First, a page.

Why 2020 is THE Year to Start Watching Formula 1 (F1)

The whole pandemic has thrown a huge curveball into the world of Formula 1. There has never been a season like it before, and probably won’t be one again. Expect to be surrounded by phrases such as ‘unprecedented’, ‘first time in F1 history’, and ‘unforeseeable’. There is uncertainty on an unprecedented level (there it is already). Never, for instance, have we started a season three months late, and not knowing where and when it will finish.

So, why will this make the season more interesting than most? Why is this the year you should watch F1?

Unique Things You’ll Probably Never See in Another Season

It’s worth tuning in to see things you’ll probably never be able to see again; for instance, spectatorless races and ‘double-headers’: returning to the same track within a single F1 season, a first for the sport. How will these elements affect the racing? No one really knows. Speaking of which…

Corona Curveballs

Some people cope with change and instability better than others. We all know someone who was adamant that they wanted to live in the Alaskan outback with nothing but a book and an axe, and then Corona came along and after four days of bars they never went to being closed and lockdowns being enforced, they’re stomping around their house in whiskey-stained underwear shouting into Zoom…right? Maybe that’s just me. Anyway, sure these drivers are professionals, but they are human too; who knows how a three-month enforced delay to racing has affected them, together with the instability of not knowing how long the season is or how many races they’ll be competing in? Similarly, weekend protocols have been changed slightly, without pre-race ceremonies and with slightly altered timing to get cars prepared and on the grid. The drivers who can adapt fastest and are not thrown by these changes will do better and there is no real way of knowing who that will be.

Missing Drivers and Teams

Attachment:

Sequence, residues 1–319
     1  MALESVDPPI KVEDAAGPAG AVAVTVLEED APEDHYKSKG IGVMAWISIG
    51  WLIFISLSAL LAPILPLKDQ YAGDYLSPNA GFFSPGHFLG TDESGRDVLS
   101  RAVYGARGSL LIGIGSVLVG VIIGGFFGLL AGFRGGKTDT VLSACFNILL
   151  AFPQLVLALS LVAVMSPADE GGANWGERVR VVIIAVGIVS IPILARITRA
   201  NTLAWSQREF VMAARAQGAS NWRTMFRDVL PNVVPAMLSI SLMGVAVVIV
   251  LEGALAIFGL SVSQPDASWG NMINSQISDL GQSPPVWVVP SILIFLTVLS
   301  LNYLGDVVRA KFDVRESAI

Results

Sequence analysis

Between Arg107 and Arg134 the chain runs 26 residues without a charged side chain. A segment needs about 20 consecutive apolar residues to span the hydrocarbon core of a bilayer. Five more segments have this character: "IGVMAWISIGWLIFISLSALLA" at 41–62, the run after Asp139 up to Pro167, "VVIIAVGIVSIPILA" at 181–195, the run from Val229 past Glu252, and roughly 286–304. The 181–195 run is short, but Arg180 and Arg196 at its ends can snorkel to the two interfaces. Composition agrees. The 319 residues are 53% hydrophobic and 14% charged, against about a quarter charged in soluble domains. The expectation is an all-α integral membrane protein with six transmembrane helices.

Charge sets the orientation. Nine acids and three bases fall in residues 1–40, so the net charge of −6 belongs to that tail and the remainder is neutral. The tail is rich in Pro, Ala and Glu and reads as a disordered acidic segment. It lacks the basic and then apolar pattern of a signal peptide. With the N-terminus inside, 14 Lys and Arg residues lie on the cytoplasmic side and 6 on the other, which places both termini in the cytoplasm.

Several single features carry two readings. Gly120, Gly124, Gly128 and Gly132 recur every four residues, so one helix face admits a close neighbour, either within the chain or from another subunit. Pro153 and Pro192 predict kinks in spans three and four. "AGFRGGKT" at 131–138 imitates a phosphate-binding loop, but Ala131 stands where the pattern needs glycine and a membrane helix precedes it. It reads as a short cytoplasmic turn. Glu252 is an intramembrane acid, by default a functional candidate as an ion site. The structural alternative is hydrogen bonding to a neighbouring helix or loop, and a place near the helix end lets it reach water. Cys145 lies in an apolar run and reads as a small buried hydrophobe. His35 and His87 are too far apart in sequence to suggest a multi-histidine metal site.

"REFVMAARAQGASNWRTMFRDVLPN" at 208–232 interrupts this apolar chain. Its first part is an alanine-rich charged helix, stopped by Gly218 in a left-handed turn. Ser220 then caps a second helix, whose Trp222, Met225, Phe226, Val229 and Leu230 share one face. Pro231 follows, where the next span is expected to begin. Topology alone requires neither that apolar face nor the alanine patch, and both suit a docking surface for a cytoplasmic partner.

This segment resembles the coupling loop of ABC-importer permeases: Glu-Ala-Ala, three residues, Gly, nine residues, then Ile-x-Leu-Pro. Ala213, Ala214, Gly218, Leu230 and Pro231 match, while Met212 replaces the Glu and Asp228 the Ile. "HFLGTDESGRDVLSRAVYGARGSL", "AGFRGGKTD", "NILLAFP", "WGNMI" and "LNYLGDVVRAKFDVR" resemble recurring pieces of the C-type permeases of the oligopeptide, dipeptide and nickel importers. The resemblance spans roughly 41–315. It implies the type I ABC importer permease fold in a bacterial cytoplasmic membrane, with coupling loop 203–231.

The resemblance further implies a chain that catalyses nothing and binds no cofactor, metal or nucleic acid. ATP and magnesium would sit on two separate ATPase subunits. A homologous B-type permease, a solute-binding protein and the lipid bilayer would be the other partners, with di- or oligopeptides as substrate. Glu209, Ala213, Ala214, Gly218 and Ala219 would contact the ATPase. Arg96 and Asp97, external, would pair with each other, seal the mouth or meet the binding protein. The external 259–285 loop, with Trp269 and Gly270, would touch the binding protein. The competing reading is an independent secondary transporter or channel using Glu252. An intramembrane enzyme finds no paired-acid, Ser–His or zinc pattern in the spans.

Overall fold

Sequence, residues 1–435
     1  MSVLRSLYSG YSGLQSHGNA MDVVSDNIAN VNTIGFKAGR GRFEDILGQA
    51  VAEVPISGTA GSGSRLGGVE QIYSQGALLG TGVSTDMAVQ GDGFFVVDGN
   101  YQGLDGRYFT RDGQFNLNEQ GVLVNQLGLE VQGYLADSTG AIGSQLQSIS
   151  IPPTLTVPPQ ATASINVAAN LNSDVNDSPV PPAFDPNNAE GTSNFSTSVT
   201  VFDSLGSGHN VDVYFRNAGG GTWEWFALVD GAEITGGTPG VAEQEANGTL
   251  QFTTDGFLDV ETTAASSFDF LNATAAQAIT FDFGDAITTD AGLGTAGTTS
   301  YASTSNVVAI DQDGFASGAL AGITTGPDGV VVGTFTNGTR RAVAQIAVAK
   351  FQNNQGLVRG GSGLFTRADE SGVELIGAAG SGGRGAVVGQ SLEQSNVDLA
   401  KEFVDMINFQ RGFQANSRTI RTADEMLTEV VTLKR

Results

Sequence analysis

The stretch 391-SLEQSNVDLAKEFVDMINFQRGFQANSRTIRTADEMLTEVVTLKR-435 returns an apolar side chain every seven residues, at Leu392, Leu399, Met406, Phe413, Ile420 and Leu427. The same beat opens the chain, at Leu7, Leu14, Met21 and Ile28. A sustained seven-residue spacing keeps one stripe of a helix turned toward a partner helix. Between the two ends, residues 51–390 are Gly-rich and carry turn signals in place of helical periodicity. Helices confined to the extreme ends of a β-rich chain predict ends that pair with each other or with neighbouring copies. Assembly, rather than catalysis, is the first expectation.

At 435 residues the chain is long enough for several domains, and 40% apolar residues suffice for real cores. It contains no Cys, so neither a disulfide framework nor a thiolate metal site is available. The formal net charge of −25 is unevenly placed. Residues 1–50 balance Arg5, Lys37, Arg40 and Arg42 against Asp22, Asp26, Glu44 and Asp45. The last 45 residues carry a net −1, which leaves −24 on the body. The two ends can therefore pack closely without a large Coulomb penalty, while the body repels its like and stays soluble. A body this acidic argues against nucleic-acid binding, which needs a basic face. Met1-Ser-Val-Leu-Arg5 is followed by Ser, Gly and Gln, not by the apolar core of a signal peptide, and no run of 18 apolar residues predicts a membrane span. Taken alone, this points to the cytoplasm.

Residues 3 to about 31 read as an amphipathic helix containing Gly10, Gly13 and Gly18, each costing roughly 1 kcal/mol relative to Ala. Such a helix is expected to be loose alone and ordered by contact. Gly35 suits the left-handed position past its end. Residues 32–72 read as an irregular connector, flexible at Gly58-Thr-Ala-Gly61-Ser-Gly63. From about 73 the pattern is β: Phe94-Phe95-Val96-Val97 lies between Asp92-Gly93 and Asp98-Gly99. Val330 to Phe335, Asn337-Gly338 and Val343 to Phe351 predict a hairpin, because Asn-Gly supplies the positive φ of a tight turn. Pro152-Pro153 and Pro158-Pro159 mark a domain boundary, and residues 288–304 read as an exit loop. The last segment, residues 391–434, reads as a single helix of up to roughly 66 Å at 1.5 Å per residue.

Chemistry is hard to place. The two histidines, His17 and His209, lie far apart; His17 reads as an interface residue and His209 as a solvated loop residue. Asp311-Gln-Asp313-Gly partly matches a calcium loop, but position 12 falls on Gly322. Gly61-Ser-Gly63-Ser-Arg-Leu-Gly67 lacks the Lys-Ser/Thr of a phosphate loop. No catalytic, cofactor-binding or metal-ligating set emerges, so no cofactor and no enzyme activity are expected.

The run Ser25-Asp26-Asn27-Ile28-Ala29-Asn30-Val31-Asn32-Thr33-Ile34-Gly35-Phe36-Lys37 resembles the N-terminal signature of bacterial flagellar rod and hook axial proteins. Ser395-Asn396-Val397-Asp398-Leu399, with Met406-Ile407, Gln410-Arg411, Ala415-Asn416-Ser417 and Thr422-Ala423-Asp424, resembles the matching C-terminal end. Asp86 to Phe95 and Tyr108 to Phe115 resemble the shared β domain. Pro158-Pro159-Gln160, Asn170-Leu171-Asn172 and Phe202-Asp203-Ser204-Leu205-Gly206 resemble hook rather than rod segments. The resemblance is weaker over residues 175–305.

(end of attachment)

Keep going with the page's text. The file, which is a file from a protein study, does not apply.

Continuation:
There is still a global pandemic going on. To minimise infection, teams are working in bubbles and sub-bubbles within team bubbles, minimising contact with other competitors and the media. If someone tests positive for Covid-19, all those who have had contact with them—potentially the whole team—will be then undergo testing. Test results take 24 hours to be returned and in that time those people are not allowed to compete. So, we have the possibility of a whole team being forced to miss 24 hours of a race weekend; depending on the timing this could be anything from a kick in the balls of missing a practice session to, potentially, losing a championship due to having to miss a race.


How many people would watch a soap opera that was on once a fortnight? Not many. There is a reason they are on regularly, several times a week: to keep audiences engaged and the storylines fresh in their minds. Without regularity, people would forget who the characters were, what was going on, and would soon become distracted by the overwhelming purposelessness and emptiness of their own existence. Sport is similar! The longer we have between races, the easier it is to forget what is happening: ongoing rivalries, reoccurring technical issues or driver disputes on track for instance.

With eight races in ten weeks, all the events, battles, comings together, rivalries, recurring tactics, actions and manoeuvres should all be fresh in your mind. And, even better, fresh in the driver’s minds…